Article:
Often when he reached that stage inside his locked room, he would have left a record on his turntable at a loud volume and with the arm over it would keep repeating itself well into the early hours. No matter how much we hammered on his door, we could never rouse him. He was highly intelligent and could dash off a required 2500 word essay in an afternoon. After leaving university, I heard that he became a street drinker in Glasgow and died there in the late nineteen eighties. Such a waste.
Though I wasn't in the same tragic category as Hughie, I had some awful alcohol-fuelled episodes at university. There was a lot of forgetfulness when I woke from the night before with terribly vague notions of what had happened or had been said.
Once I must have collapsed on the grass by one of the campus paths and a kind young woman helped me to my feet and took me back to my flat. On another occasion with my Icelandic girlfriend - who was also very drunk - we were in such a passionate clench that we began to partially disrobe right there and then on the lawns that led down to the lake, overlooked by the best campus restaurant. It was in the middle of a sunny afternoon. Two uniformed members of the university security force arrived to disunite us and I vaguely recall looking up at them and advising them they were"just jealous!"
When I entered the noble teaching profession my drinking reduced considerably and it was rare for me to have a skinful or lose control. However, I recall the night of my twenty sixth birthday with a residual sense of horror mixed with shame.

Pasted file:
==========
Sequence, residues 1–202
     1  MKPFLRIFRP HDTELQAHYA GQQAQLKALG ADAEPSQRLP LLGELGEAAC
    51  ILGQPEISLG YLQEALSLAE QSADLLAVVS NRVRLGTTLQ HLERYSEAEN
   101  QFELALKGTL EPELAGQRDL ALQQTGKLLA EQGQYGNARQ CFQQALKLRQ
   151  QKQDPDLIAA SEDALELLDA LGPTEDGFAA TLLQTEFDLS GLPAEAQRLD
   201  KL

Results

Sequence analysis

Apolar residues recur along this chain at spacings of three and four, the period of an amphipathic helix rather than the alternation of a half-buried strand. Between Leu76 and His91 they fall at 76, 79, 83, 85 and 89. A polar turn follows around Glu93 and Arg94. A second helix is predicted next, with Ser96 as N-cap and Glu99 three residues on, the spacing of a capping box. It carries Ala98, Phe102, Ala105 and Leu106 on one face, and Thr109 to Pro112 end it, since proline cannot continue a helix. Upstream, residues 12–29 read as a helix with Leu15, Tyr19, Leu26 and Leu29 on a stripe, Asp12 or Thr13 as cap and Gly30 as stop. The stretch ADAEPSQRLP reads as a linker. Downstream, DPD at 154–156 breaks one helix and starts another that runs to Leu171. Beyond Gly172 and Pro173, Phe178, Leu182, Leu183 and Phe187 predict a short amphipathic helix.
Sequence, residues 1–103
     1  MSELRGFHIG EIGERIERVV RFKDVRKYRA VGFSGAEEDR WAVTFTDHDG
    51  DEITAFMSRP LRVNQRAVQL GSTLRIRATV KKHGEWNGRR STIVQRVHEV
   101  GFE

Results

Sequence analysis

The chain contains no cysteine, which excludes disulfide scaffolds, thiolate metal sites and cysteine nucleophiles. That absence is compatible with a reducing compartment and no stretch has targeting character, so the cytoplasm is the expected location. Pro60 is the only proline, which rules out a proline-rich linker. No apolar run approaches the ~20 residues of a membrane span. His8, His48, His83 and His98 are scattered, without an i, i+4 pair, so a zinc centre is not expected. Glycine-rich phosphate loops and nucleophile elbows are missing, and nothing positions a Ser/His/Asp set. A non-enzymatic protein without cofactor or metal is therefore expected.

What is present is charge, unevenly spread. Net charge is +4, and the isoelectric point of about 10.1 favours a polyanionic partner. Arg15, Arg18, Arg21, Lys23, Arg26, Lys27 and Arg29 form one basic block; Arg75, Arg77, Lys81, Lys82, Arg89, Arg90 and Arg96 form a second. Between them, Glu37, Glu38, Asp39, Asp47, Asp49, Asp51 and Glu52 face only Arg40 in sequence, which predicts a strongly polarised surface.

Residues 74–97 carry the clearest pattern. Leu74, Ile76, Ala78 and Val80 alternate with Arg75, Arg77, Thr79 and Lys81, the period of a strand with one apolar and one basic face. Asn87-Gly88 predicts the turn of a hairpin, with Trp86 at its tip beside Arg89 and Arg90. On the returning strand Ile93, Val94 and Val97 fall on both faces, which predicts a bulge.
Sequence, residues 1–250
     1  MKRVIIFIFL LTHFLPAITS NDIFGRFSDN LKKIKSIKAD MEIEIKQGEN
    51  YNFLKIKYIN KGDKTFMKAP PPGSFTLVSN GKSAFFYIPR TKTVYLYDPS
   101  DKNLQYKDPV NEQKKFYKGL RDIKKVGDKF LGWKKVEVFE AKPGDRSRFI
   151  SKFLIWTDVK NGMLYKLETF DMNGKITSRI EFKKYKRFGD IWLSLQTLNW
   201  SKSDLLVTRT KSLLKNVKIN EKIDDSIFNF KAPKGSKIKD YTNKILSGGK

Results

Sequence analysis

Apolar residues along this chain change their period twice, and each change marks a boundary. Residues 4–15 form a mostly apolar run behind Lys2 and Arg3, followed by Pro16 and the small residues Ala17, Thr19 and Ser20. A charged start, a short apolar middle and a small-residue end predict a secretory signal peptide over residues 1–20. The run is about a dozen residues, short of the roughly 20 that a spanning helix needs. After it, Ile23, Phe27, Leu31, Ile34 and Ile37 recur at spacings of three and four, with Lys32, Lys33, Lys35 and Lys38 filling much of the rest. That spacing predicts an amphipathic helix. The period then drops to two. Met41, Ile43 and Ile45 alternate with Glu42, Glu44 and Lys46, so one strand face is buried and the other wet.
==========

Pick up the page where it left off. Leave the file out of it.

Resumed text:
I visited "The West End" pub where I had become friendly with few hospital porters and a couple of nurses. It wasn't a wildly excessive night of quaffing ale. I might have had four or maybe five pints. At closing time, one of the porters - his name was Martin - invited me back to his family home for a final birthday drink. That drink was Pernod.
I was pretty clear-headed when I left Martin's house where I had charmed his mother for half an hour. She had lent me a rare copy of a book called "Letters To A Golf Club Secretary" which she assured me was very funny. I was clutching it as I made my way on foot through the suburb of Broomhill.
After that everything was a blank until about three o'clock in the morning. I woke up on a sofa in an unfamiliar flat with a blanket over me having no idea who had kindly provided this accommodation. I found my way to the exit door and went down the brightly lit stairs then back out into the October night. I still had no idea where I was. I didn't even know if I was still in Sheffield.
I came to a main road which at that time of night was deserted. Should I go left or right? Fortunately, I decided to go right down the hill and after a few hundred yards things began to look familiar which was quite a relief I can tell you. Soon I was back in my own bedsitter but to this day I still have no idea what happened or indeed what happened to that precious copy of "Letters To A Golf Club Secretary". Incidentally, I have never drunk another drop of Pernod since that lost night.